Through a special collaboration with custom builder, ‘Mr Martini’ Kawasaki motorcycles Italy have released a limited edition Vulcan S. Only 100 units of the ‘Vulcan 70’ are being produced and can be ordered direct from dealerships. Each example comes specially numbered and badged to commemorate the collaboration making them instant collector’s items. For the creation of the Vulcan 70, Mr Martini aka Nicola Martini looked back over Kawasaki’s historic past to find inspiration for this unique project.
The 1970s played an integral role in Kawasaki’s history. Motorcycle technology was advancing dramatically and owners were demanding higher speeds. Engines were getting more powerful and motorcycle ownership had become a lifestyle choice. As a result motorcycle design became more flamboyant to attract the new wave of customers and the decade produced some incredible and now highly collectable machines. For Kawasaki, the 70s spawned the development of its legendary 500cc H1 Mach 3 triple.
“The dual seat, the long tail, the twin exhaust and round headlight were the first details that inspired me,” said Nicholas Martini. “I thought that a reference to the Mach series was the perfect choice to evoke the Kawasaki seventies spirit.”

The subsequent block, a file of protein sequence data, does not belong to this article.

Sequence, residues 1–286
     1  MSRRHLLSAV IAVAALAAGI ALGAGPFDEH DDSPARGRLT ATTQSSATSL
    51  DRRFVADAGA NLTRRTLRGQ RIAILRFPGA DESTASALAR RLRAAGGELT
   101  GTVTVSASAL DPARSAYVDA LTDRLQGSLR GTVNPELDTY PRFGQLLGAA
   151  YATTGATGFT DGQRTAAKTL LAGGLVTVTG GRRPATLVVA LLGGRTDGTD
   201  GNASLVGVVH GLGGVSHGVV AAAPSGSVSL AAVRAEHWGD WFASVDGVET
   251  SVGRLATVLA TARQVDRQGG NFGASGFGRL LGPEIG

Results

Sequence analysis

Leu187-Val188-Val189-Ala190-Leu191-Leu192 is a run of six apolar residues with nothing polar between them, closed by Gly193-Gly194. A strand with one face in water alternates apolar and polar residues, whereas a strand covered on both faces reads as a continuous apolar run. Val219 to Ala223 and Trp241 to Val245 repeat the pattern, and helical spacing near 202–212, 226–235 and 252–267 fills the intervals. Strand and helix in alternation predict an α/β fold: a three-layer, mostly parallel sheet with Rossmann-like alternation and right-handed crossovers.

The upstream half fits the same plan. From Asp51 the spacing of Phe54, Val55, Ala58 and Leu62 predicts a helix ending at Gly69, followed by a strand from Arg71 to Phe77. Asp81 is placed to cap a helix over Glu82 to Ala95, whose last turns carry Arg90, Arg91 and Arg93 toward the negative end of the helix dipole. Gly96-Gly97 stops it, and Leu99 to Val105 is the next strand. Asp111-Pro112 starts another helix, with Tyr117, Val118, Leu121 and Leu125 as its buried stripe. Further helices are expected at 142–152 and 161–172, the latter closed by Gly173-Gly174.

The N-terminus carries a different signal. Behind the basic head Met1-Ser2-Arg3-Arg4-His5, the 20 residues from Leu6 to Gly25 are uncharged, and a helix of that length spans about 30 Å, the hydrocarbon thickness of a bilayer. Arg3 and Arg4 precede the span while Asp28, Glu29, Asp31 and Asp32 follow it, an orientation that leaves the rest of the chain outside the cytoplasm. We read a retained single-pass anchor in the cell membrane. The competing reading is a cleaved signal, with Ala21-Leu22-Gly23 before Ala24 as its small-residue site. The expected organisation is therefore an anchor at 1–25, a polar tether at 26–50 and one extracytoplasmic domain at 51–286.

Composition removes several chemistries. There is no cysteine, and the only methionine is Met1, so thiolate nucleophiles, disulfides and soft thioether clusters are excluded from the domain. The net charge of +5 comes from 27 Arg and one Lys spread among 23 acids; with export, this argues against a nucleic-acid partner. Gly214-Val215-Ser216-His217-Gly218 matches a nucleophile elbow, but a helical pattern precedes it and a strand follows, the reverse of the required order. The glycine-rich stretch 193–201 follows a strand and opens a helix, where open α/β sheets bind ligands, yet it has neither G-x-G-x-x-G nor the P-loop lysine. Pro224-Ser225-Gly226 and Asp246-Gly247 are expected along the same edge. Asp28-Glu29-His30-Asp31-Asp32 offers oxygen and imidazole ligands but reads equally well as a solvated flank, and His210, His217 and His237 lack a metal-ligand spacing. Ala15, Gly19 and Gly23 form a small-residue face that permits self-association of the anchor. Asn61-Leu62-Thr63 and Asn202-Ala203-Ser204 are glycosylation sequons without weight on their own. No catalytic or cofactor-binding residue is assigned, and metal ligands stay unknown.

Martini took inspiration from the Mach 3, in particular, the 1973/74 models with their vibrant green or red livery. Using the latest Vulcan S, he designed a kit that would transform the 650cc parallel-twin cruiser into a sportier street bike with hints of retro styling. Once a customer purchases the kit it is fit to a brand new bike by the dealership allowing the owner to have a rare “custom” bike covered by a full factory warranty.
The Vulcan 70 kit includes a dual seat in either black or tan leather, custom side panels with Vulcan 70 and Mr Martini branding, an extended tail section, footrests, handlebars, all new lights and indicators, and a Zard 2-into-2 exhaust system. Each kit is also available in either a red or green Kawasaki paint scheme inspired by the Mach 3.
Kawasaki describes the bike as a cafe racer, but we feel it’s probably more suitable to label it as a modern classic. Our only criticism would be that it’s missing that all-important third cylinder and the sweet smell of two-stroke smoke.